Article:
eDiscovery Daily Blog

Emoji Are Showing Up in Court Cases More and More: eDiscovery Trends

Without a doubt, our forms of communication are continuing to evolve from just email and we now have to add social media, text messaging and other messaging apps as forms of communication that need to be routinely preserved, collected, processed, reviewed and produced.  But, it’s not just the forms of communication that are changing, it’s the way we communicate that is changing as well.  So, you may or may not be surprised that emoji (yes, the plural of “emoji” is still “emoji”, at least officially) are showing up in court cases exponentially.

As discussed in The Verge (Emoji are showing up in court cases exponentially, and courts aren’t prepared, written by Dani Lee), emoji are showing up as evidence in court more frequently with each passing year. Between 2004 and 2019, there was an exponential rise in emoji and emoticon references in US court opinions, with over 30 percent of all cases (53 out of 171 all time) appearing in 2018, according to Santa Clara University law professor Eric Goldman, who has been tracking all of the references to “emoji” and “emoticon” that show up in US court opinions.  Yes, there’s a guy who tracks that stuff!  Here’s a chart from Goldman, showing the rise of cases since 2004:

By the way, you do know the difference between an emoji and an emoticon, right?  An emoticon is created out of text, primarily via the use of punctuation marks, whereas an emoji is a small image, a pictograph. Nearly everyone has used an emoji and emoticon at least once in their lives, even if they didn’t know what it was called.  Personally, I’m not a big fan of emoticons… ;o)

Goldman has written extensively on the subject of “emoji law” – including his blog post Emoji Law 2018 Year-in-Review and his paper published last year titled Emojis and the Law.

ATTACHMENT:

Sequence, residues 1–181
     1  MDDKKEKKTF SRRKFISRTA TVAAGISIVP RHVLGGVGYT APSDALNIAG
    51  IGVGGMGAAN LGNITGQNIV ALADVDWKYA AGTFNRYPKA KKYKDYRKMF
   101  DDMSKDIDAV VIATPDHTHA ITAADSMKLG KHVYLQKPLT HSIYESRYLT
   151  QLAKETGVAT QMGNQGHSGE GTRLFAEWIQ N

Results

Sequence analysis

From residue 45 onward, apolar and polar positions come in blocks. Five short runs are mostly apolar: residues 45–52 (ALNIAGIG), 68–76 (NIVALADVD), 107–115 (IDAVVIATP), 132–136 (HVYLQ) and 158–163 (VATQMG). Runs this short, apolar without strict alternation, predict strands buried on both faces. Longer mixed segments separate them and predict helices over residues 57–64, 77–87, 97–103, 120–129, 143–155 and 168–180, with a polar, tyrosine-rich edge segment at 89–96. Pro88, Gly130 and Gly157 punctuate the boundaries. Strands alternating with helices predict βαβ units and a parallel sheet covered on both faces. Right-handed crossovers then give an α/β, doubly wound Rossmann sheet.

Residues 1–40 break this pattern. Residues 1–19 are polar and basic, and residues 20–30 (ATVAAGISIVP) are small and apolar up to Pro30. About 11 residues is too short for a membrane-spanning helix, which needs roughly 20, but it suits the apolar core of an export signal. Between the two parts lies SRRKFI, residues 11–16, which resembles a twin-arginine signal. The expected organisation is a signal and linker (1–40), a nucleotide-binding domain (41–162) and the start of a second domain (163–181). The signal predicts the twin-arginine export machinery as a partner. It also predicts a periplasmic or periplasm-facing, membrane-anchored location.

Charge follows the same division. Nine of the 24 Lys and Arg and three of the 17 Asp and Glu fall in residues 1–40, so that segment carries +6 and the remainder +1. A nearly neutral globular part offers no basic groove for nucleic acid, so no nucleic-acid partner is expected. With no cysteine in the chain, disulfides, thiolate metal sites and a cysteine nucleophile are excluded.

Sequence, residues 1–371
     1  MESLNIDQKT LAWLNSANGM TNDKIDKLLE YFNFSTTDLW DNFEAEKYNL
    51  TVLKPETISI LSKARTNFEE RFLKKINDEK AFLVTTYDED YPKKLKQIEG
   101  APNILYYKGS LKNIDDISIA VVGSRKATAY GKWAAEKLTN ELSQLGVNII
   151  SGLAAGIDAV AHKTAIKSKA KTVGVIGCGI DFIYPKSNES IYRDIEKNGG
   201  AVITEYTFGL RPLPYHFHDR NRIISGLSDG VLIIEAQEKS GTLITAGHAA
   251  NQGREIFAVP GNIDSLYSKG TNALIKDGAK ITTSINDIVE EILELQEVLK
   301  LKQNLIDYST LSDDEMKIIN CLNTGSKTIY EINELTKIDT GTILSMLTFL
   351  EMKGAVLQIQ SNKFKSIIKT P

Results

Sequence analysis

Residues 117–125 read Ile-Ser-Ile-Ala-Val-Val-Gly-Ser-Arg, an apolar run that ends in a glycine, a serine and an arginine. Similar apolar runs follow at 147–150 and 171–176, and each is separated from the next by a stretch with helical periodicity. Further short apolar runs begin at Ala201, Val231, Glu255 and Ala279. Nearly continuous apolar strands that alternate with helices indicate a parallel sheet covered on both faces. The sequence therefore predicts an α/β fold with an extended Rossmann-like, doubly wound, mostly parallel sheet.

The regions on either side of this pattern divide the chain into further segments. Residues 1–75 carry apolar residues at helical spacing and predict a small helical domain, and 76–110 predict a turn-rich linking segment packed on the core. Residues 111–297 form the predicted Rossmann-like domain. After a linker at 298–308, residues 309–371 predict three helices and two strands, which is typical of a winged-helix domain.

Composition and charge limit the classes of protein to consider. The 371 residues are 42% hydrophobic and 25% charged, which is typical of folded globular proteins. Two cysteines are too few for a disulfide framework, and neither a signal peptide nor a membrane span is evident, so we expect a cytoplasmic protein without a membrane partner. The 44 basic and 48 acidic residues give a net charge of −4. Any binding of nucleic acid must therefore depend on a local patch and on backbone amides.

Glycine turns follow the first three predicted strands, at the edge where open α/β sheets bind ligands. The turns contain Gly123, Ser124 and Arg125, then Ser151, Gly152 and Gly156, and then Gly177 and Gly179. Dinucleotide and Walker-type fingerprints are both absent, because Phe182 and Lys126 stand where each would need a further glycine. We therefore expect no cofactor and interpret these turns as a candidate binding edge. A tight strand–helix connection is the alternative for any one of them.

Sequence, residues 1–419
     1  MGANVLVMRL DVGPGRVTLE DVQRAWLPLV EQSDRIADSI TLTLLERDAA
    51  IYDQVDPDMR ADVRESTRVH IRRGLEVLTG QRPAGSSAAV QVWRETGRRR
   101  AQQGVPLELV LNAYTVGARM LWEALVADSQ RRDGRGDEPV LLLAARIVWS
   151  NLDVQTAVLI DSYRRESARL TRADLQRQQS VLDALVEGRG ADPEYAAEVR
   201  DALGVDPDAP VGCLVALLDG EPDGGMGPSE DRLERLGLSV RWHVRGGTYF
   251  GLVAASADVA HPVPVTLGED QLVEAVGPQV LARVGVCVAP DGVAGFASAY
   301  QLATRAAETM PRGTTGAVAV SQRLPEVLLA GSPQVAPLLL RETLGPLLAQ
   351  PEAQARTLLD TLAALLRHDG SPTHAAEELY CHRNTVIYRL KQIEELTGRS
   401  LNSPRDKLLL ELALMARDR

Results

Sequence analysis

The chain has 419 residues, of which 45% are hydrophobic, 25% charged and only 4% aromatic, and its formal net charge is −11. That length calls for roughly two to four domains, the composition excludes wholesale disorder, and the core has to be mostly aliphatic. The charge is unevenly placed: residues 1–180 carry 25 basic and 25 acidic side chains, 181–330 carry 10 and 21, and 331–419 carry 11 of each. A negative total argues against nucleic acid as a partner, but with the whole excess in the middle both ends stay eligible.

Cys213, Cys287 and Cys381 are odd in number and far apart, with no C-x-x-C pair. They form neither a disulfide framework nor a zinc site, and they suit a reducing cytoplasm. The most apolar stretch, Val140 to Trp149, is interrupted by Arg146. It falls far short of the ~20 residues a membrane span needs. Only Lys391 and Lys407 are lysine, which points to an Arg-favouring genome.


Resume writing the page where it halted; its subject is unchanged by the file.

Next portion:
So far, the emoji and emoticons have rarely been important enough to sway the direction of a case, but as they become more common, the ambiguity in how emoji are displayed and what we interpret emoji to mean could become a larger issue for courts to contend with.  Want a couple of examples?  Here you go:

  • Bay Area prosecutors were trying to prove that a man arrested during a prostitution sting was guilty of pimping charges, and among the evidence was a series of Instagram DMs he’d allegedly sent to a woman. One read: “Teamwork make the dream work” with high heels and money bag emoji placed at the end. Prosecutors said the message implied a working relationship between the two of them. The defendant said it could mean he was trying to strike up a romantic relationship. Another message from the defendant included the crown emoji, which was said to signify that the “pimp is the king.”
  • In 2017, a couple in Israel was charged thousands of dollars in fees after a court ruled that their use of emoji to a landlord signaled an intent to rent his apartment. After sending an enthusiastic text confirming that they wanted the apartment, which contained a string of emoji including a champagne bottle, a squirrel, and a comet, they stopped responding to the landlord’s texts and went on to rent a different apartment. The court declared that the couple acted in bad faith, ruling that the “icons conveyed great optimism” that “naturally led to the Plaintiff’s great reliance on the Defendants’ desire to rent his apartment,” according to Room 404.

Still, it’s rare for cases to turn on the interpretations of emoji. “They show up as evidence, the courts have to acknowledge their existence, but often they’re immaterial,” Goldman says. “That’s why many judges decide to say ‘emoji omitted’ because they don’t think it’s relevant to the case at all.” But emoji are a critical part of communication, and in cases where transcripts of online communication are being read to the jury, they need to be characterized as well instead of being skipped over. “You could imagine if you got a winky face following the text sentence, you’re going to read that sentence very differently than without the winky face,” he says. In the “pimp” case above, the ruling didn’t ultimately hinge on the interpretation of emoji, but they still provided evidentiary support.

Nonetheless, as Craig Ball has noted in several presentations that I’ve seen, the handling of emoji and emoticons will become increasingly important in discovery over time.  And, here’s one more challenge to leave you with – emoji often render differently across platforms, so the emoji you see may not be the emoji your audience sees in social media posts or text/other messages.  We may have to consult those Egyptian hieroglyphics textbooks soon to see how they managed to communicate thousands of years ago!

So, what do you think?  Are you surprised that emoji and emoticons are becoming an increasing part of legal cases?  Please share any comments you might have or if you’d like to know more about a particular topic.

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